North Carolina’s election districts — both congressional and legislative — were struck down by state courts in the fall of 2019, just weeks after the U.S. Supreme Court ruled that federal courts can’t police partisan gerrymandering. A state court ruled that “extreme partisan bias” in election districts violated the rights of voters under the North Carolina constitution. Republican legislators didn’t appeal the ruling to the state Supreme Court, which had a 6-1 Democratic majority at the time. The outcome had been anticipated since the election of a progressive majority to the high court in 2016. Republican legislators, who acknowledged skewing the districts to help the GOP, had repeatedly tried to manipulate judicial elections or change the courts in what many observers attributed to a desire to preserve their election districts.

Because North Carolina’s redistricting process doesn’t include the governor, the Republican-led Legislature will redraw the districts again this year. Any attempted gerrymander could face roadblocks at the state Supreme Court, where the current narrow 4-3 Democratic majority is up for grabs in next year’s election.

Similar redistricting battles, along with efforts to change the makeup of the state courts that rule on new political maps, are brewing across the country. In Alaska, for instance, the state Supreme Court struck down election districts in 2012, and since then Republican lawmakers have tried to change how judges are chosen. The court could intervene again this year if the state redistricting commission, which includes a narrow GOP majority, draws districts that Democrats perceive as unfair.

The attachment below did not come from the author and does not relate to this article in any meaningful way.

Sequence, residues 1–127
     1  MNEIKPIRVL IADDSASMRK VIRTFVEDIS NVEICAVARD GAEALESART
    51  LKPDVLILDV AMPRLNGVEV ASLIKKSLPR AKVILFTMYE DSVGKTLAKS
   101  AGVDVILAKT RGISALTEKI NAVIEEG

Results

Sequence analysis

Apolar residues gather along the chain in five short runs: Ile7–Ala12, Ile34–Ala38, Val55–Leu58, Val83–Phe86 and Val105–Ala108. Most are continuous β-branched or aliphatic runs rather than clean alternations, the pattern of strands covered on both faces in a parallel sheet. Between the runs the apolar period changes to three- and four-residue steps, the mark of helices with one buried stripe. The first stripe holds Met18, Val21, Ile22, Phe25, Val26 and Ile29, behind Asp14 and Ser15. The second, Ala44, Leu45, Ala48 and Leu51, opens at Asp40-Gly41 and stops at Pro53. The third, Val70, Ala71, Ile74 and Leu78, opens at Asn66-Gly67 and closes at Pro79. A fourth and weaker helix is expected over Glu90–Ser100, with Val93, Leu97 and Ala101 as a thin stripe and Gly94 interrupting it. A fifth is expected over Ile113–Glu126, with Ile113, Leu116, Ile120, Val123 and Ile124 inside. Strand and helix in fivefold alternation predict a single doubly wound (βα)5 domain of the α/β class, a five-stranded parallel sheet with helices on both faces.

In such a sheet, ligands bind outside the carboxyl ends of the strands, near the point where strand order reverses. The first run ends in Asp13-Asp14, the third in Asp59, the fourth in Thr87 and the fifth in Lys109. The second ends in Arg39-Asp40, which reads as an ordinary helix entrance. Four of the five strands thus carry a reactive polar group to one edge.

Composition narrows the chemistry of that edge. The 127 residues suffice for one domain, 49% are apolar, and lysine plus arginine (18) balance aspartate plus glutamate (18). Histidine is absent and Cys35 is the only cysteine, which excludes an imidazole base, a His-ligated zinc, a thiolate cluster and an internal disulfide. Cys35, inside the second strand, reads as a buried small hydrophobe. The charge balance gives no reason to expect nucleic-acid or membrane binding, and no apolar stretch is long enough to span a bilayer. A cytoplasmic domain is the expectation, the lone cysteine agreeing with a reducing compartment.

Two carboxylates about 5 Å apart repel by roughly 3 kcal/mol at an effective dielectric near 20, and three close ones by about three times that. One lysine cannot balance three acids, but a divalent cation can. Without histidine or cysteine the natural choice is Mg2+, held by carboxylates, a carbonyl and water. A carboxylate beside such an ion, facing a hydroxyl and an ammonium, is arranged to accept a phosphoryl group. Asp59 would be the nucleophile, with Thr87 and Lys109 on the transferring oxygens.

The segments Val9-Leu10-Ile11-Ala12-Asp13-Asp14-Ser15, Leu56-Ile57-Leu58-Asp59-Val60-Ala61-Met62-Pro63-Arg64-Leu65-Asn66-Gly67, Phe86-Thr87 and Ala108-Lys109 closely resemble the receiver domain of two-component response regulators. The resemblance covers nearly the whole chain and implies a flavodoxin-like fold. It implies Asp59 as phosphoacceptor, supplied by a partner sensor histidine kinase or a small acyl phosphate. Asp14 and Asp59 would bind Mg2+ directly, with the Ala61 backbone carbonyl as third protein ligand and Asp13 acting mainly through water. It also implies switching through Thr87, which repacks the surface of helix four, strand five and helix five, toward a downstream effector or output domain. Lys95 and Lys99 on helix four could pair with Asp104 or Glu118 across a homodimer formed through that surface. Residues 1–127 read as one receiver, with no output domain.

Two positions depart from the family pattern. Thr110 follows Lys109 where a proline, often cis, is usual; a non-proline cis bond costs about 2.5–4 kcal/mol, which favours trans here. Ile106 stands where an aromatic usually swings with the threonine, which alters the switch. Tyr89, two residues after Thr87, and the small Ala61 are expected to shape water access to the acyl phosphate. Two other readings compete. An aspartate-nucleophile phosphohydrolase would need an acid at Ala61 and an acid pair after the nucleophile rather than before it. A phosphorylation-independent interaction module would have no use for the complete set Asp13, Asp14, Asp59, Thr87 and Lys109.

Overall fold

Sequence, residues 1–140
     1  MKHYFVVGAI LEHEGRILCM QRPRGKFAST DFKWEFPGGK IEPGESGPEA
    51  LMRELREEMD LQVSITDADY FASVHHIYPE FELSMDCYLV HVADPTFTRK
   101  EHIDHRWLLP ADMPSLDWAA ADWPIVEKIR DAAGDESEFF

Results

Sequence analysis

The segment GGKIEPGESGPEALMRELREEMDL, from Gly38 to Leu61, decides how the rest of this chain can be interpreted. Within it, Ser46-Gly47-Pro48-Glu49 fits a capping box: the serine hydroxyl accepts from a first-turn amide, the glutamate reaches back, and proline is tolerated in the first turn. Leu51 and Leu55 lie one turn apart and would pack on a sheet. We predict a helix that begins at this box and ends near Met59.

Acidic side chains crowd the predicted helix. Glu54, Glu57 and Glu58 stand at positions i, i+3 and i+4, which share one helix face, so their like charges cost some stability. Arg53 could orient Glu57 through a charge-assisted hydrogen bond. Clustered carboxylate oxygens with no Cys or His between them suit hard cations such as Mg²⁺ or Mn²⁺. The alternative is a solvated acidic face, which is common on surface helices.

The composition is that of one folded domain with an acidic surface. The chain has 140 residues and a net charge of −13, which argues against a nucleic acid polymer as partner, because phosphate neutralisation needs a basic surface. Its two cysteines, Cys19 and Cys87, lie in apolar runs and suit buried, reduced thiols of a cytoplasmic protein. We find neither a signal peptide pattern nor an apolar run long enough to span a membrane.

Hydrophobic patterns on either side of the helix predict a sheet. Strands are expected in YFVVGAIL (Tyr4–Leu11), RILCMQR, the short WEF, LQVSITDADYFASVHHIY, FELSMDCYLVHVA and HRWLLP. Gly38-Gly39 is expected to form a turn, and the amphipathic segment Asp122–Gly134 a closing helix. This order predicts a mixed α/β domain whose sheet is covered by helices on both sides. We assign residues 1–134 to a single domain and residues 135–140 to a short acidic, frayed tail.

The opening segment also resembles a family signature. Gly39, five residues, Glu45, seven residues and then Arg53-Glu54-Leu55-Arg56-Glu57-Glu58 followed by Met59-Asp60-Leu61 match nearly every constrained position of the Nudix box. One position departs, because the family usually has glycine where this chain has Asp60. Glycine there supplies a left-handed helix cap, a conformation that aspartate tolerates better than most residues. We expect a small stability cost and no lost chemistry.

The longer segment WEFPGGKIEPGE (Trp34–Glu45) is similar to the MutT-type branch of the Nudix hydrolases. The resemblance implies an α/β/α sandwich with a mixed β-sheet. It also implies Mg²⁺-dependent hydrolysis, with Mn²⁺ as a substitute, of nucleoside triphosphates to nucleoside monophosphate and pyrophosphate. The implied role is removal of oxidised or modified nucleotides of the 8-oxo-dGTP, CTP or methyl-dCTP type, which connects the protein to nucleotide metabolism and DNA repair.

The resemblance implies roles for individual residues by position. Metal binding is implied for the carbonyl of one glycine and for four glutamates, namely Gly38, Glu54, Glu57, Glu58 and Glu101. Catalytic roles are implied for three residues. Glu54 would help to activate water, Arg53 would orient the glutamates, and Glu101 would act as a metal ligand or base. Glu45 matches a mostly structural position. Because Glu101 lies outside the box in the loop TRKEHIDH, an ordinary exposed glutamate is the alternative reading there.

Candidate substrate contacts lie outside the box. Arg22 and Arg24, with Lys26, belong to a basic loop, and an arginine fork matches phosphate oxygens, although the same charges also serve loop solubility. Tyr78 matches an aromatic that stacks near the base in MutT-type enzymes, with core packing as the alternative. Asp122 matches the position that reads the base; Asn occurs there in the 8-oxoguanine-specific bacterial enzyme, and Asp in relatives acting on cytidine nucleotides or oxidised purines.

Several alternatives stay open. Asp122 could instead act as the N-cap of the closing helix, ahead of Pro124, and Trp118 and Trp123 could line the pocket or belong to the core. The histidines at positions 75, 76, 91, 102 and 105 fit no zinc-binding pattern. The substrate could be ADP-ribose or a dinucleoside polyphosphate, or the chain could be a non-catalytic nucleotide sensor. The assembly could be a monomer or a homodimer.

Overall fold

The Florida Supreme Court in 2015 struck down the state’s congressional districts for violating a voter-approved requirement that districts not favor either party. But Republican Gov. Ron DeSantis, who has the authority to appoint most members of the state’s judicial nominating commission, has shifted the high court far to the right with his appointments, and the court is rapidly rolling back precedents established by the previous liberal majorities. This time around, the justices may not be as eager to strike down the Republican-led Legislature’s districts.

In Massachusetts, Democratic legislators have enough votes to override the Republican governor’s veto, giving them the chance to gerrymander districts to favor their party. The state’s Supreme Judicial Court would hear any lawsuits over the districts, and all seven justices were appointed by the Republican governor from a list drawn up by a nominating commission. In 2019, legislators proposed a bipartisan bill that, had it passed, would have given Democrats power to unseat incumbent justices.